Please visit the Instructions for Authors page before submitting a manuscript. The Article Processing Charge (APC) for publication in this open access journal is 2600 CHF (Swiss Francs). Submitted papers should be well formatted and use good English. Authors may use MDPI's English editing service prior to publication or during author revisions.

Keywords

  • landslide
  • monitoring and early warning
  • dynamic mechanism
  • numerical simulation
  • prevention technology
  • instability mechanism

Published Papers (2 papers)

Order results
Result details
Select all
Export citation of selected articles as:

Research

15 pages, 23317 KiB  
Article
Mechanism Analysis and Process Inversion of the “7.26” Landslide in the West Open-Pit Mine of Fushun, China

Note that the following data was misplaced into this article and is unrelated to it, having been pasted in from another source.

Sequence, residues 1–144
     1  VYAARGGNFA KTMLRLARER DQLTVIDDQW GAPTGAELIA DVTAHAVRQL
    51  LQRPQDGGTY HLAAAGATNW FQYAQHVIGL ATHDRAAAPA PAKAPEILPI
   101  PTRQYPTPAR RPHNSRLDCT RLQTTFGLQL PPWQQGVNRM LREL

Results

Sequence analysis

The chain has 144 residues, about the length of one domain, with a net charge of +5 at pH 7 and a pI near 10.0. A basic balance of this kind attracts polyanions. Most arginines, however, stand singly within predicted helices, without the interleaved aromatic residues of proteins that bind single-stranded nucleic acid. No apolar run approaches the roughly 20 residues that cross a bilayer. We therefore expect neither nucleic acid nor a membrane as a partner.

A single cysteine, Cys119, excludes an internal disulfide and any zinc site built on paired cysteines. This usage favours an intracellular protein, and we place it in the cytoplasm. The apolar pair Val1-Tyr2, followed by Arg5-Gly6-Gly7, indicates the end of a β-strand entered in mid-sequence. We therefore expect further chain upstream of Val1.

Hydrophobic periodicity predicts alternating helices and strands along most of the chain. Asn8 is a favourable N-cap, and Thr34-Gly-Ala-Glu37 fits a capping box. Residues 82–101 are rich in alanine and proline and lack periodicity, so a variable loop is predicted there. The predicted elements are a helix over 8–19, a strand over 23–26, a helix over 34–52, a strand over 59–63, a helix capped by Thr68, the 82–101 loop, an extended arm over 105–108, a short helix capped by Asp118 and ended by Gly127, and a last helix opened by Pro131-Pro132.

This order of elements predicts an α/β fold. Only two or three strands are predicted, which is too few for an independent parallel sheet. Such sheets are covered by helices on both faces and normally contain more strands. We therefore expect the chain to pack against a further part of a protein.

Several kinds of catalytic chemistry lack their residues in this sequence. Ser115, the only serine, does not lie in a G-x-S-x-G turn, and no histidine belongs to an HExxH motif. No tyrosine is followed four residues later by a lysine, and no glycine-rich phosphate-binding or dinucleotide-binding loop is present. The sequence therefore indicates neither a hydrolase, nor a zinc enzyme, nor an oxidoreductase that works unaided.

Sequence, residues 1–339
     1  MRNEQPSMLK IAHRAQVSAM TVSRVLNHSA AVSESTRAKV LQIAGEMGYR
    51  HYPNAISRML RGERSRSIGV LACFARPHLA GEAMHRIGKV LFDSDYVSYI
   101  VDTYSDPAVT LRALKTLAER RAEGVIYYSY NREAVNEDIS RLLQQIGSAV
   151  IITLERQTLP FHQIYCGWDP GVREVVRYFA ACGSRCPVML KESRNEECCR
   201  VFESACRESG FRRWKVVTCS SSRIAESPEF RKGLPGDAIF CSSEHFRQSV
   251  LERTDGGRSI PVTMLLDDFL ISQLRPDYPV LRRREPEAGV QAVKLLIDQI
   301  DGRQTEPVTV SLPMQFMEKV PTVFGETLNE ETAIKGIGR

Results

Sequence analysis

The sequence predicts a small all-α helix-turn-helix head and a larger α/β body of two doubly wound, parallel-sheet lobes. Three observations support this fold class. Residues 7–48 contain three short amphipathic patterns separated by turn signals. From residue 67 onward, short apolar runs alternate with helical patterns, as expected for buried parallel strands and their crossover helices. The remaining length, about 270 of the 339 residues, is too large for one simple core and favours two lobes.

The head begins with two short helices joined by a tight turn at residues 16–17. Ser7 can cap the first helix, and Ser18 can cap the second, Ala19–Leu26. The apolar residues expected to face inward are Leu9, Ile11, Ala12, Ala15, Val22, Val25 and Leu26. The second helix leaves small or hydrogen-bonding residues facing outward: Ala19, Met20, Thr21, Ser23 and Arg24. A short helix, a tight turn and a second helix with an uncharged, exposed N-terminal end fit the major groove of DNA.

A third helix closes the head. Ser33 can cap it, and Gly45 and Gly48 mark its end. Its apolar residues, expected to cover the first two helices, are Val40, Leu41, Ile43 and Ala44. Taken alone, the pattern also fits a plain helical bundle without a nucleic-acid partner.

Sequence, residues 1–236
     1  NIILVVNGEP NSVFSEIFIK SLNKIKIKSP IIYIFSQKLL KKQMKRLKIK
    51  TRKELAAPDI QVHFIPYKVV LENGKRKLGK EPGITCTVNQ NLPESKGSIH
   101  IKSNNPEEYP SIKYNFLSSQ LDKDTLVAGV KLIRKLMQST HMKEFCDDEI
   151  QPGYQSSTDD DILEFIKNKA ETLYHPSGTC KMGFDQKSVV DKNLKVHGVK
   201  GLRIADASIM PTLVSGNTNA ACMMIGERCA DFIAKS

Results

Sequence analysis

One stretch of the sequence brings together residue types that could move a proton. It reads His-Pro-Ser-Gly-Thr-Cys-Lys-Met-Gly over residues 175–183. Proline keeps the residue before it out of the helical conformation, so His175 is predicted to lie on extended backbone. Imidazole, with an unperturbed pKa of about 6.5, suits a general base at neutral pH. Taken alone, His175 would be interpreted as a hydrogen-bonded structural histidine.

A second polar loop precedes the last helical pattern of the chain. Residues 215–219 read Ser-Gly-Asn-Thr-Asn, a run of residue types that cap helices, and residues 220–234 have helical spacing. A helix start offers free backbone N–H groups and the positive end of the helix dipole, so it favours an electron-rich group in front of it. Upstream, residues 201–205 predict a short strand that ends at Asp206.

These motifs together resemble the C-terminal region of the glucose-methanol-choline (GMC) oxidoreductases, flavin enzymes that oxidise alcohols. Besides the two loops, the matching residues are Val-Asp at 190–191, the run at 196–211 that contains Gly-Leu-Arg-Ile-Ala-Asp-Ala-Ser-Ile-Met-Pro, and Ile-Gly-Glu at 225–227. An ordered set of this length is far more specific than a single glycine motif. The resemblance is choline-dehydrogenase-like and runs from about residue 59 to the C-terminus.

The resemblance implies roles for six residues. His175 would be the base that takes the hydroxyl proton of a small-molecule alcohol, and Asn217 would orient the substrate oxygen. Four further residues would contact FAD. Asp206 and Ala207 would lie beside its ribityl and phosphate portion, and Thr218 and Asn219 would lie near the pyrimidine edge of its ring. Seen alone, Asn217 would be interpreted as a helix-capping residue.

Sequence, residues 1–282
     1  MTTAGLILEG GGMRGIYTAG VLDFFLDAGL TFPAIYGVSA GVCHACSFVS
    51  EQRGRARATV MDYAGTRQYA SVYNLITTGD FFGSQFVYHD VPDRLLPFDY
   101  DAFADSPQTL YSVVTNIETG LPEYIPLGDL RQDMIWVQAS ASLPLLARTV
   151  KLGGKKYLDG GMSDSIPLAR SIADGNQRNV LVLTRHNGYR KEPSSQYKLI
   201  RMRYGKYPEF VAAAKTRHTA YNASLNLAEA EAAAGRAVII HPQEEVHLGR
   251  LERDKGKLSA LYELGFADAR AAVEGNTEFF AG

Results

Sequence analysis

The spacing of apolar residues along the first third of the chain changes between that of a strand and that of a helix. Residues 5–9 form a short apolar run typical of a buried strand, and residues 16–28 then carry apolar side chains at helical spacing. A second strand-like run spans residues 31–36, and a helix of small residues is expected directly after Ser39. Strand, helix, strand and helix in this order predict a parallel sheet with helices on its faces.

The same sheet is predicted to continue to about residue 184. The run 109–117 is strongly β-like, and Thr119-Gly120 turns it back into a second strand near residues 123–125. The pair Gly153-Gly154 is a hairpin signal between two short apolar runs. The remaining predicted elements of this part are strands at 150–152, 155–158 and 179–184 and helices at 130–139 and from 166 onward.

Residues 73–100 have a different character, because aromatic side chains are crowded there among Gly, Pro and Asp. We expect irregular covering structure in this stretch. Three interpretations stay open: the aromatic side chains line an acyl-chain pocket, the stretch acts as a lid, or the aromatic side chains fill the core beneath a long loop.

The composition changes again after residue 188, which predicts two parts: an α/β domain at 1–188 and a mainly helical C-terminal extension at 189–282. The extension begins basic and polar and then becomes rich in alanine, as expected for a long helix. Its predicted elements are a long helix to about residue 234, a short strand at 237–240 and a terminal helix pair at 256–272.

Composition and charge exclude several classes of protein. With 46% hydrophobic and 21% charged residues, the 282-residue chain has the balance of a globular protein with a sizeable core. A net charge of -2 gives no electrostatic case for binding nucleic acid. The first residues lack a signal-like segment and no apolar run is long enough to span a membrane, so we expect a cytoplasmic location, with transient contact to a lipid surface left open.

by Huajun Meng, Jihuan Wu, Chunshan Zhang and Kungang Wu
Water 2023, 15(14), 2652; https://doi.org/10.3390/w15142652 - 22 Jul 2023
Viewed by 1136
Abstract
Mine landslides are geological disasters with the highest frequency and cause the greatest harm worldwide. This typically causes significant casualties and damage to property. The study of the formation mechanisms and kinematic processes of mine landslides is important for the prevention and control [...] Read more.